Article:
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Mobile Information Systems
Volume 2017 (2017), Article ID 2409830, 10 pages
https://doi.org/10.1155/2017/2409830
Research Article

Sliding Window Based Feature Extraction and Traffic Clustering for Green Mobile Cyberphysical Systems

1College of Electronic Science and Engineering, National University of Defense Technology, Changsha, China
2Shenzhen Institutes of Advanced Technology, Chinese Academy of Sciences, Shenzhen, China
3Science and Technology on Information Transmission and Dissemination in Communication Networks Laboratory, Shijiazhuang, China
4Department of Mechanical Engineering Technology, New York City College of Technology, City University of New York, Brooklyn, NY 11201, USA
5IBM Thomas J. Watson Research Center, Yorktown Heights, NY 10598, USA

Correspondence should be addressed to Li Zhou

Received 16 February 2017; Accepted 4 May 2017; Published 30 May 2017

Academic Editor: Jun Cheng

Copyright © 2017 Jiao Zhang et al. This is an open access article distributed under the Creative Commons Attribution License, which permits unrestricted use, distribution, and reproduction in any medium, provided the original work is properly cited.

Abstract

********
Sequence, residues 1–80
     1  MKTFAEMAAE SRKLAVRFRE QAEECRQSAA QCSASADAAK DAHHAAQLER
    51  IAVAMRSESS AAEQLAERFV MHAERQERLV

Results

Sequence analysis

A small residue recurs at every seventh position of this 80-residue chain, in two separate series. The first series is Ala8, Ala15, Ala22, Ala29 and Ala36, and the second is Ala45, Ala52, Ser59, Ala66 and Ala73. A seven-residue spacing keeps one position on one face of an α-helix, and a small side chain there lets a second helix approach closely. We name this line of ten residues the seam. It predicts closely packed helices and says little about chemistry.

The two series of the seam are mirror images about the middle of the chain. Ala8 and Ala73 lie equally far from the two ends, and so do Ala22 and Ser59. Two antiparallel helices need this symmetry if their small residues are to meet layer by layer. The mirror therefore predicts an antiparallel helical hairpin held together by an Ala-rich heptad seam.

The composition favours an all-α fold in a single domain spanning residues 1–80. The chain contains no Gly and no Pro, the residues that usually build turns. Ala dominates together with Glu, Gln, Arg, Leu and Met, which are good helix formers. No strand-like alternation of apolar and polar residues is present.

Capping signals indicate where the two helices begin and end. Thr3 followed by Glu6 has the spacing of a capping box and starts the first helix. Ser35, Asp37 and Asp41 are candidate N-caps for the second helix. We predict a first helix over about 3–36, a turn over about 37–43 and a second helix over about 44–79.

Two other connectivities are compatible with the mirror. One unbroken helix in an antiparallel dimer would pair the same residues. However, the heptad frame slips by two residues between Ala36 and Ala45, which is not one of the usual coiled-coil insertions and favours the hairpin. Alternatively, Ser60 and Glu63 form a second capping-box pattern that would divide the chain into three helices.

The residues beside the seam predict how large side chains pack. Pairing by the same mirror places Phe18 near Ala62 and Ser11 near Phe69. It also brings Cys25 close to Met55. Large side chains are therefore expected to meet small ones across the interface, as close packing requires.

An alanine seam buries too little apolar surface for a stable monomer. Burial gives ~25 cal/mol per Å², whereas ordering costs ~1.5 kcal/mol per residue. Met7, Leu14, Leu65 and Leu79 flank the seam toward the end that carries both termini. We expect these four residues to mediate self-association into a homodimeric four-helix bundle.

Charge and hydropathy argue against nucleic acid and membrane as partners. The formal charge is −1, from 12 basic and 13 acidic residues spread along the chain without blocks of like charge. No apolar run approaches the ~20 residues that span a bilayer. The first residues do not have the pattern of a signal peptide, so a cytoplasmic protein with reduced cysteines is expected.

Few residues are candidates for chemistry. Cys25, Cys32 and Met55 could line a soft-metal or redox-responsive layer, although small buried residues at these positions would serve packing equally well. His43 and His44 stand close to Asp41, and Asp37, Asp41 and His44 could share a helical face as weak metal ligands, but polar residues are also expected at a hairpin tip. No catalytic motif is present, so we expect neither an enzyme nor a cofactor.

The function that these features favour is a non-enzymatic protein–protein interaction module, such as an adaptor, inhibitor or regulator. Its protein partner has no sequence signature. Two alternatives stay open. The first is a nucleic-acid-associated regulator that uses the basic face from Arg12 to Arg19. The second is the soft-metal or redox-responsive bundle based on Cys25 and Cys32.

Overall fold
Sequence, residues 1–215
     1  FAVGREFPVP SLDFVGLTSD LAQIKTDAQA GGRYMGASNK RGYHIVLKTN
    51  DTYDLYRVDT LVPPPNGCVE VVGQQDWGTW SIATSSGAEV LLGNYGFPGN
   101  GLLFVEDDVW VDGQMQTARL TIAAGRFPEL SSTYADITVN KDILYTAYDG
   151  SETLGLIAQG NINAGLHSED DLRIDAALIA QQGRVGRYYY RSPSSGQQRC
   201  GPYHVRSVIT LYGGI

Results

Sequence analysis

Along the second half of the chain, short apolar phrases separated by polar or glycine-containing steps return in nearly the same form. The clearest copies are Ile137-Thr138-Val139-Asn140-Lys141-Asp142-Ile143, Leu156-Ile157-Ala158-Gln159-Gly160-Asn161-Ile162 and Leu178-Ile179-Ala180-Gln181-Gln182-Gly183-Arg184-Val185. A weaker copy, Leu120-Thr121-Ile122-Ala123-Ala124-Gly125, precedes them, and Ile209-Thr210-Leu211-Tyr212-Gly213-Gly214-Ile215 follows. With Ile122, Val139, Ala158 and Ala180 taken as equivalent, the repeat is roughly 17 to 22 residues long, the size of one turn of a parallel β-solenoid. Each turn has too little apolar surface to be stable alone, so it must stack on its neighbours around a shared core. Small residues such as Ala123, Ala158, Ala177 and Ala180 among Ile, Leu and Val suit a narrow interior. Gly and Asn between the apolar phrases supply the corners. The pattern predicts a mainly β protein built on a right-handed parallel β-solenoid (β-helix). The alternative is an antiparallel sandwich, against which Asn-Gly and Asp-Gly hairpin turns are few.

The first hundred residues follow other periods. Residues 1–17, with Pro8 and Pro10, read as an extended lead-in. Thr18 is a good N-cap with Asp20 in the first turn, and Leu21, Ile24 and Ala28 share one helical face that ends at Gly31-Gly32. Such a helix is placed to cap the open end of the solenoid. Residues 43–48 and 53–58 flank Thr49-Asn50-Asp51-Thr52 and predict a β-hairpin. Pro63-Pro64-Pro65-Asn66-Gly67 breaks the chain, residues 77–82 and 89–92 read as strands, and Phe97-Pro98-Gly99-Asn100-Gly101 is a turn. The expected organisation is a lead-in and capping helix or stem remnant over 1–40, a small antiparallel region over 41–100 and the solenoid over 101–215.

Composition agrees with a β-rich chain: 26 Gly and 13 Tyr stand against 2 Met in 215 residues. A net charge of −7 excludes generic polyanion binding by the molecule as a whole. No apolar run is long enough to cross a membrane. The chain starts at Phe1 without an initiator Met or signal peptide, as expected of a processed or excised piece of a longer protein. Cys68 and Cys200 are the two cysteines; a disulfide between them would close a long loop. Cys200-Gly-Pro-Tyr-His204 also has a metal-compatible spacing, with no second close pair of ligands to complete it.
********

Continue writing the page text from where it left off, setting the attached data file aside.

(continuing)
Both the densification of small base stations and the diversity of user activities bring huge challenges for today’s heterogeneous networks, either heavy burdens on base stations or serious energy waste. In order to ensure coverage of the network while reducing the total energy consumption, we adopt a green mobile cyberphysical system (MCPS) to handle this problem. In this paper, we propose a feature extraction method using sliding window to extract the distribution feature of mobile user equipment (UE), and a case study is presented to demonstrate that the method is efficacious in reserving the clustering distribution feature. Furthermore, we present traffic clustering analysis to categorize collected traffic distribution samples into a limited set of traffic patterns, where the patterns and corresponding optimized control strategies are used to similar traffic distributions for the rapid control of base station state. Experimental results show that the sliding window is more superior in enabling higher UE coverage over the grid method. Besides, the optimized control strategy obtained from the traffic pattern is capable of achieving a high coverage that can well serve over 98% of all mobile UE for similar traffic distributions.